Practical mindfulness at work
If you could find a way to help you and your team become more resilient, better focused and confident, able to make good decisions and manage stress would you be interested?
Well, high performing organisations such as Google, First Direct, General Mill (makers of Cheerios amongst many other brands) Transport for London, KPMG and GlaxoSmithKline to name a few have an answer. It has come to the attention of respected institutes like the Harvard Business Review and been the subject of positive articles in the Financial Times. Is it worth us in the 3rd sector exploring this new to help us be successful?
It is about training our minds to be more focused, seeing with greater clarity, having space for creativity and feeling better connected. It is simple to learn and takes a life time to practice. It is Mindfulness.
What is Mindfulness?
Mindfulness is about being present in the moment, being aware of our thoughts and feelings – so instead of being overwhelmed by them we are able to manage them. Practising mindfulness can steer you towards an inner place of calm, no matter how demanding our lives. Mindfulness allows us to become more aware of the stream of thoughts and feelings we experience and to see how we become entangled in them in ways that are not helpful; many of us have a critical inner voice which manifests as self-doubt and low confidence. Practicing mindfulness provides the ability to break the cycle of negativity.
Mindfulness has its roots in the Buddhist system of contemplation. The secular approach was originated about 30 years ago by Jon Kabat-Zinn who defines it as “Mindfulness means paying attention in a particular way; on purpose, in the present moment, non judgementally.”
Mindfulness reduces stress, helps you live in the moment, and be happier and more productive at work.
Why we need mindfulness at work
Mindfulness is for you if in the last week if you have found yourself:-
- Unable to remember what others have said during conversations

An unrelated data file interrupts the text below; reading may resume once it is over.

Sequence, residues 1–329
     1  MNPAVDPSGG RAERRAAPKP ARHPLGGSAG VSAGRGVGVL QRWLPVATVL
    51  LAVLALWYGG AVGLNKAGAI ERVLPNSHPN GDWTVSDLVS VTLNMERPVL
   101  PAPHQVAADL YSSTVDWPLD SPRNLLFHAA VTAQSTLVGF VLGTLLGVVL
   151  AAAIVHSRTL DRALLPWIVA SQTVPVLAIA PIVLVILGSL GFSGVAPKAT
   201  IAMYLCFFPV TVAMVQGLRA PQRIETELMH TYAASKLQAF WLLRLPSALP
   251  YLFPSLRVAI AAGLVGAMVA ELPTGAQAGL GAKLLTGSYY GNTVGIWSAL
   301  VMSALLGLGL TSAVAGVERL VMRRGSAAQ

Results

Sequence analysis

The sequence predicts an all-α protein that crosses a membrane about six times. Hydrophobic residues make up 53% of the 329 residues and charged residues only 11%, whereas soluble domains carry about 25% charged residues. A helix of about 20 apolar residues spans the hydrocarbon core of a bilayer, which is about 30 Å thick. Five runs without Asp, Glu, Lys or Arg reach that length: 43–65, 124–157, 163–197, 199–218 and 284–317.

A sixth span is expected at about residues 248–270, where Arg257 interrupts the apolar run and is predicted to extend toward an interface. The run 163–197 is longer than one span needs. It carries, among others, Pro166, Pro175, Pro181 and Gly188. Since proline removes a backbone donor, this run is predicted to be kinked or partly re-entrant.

- With no recollection of your commute to work
- Eating at your desk without tasting your food
- Spending too much time on emails/social media
- Dwelling on past events or dreading what the future holds
Practicing mindfulness will make you aware of the time you spend in ‘autopilot’ which often means if you have too much to do you work faster to fit it all in becoming more stressed and less effective. By being present in the moment, rather than relying on autopilot means you are able to make conscious choices rather than reacting in a knee jerk way.
Transport for London indicated the number of days taken off due to stress, anxiety or depression has fallen by 71% since introducing mindfulness to their employees
How does it work?
Science is catching up with the practitioners and is finding that through regular “meditation” the following happens:
- Increase strength in brain connections associated with learning, memory, emotion and perspective taking
- Improves attention, compassion and empathy
- Boosts the immune system
- Improves medical conditions such as type 2 diabetes, insomnia, phobias and eating disorders
Mindfulness might sound like wishful thinking but a growing body of academic research provides a raft of scientific explanation. For example meditation is shown to reduce levels of cortisol, a hormone related to stress. When cortisol levels drop, the mind grows calmer, stability, becoming more focused.
A practical start to mindfulness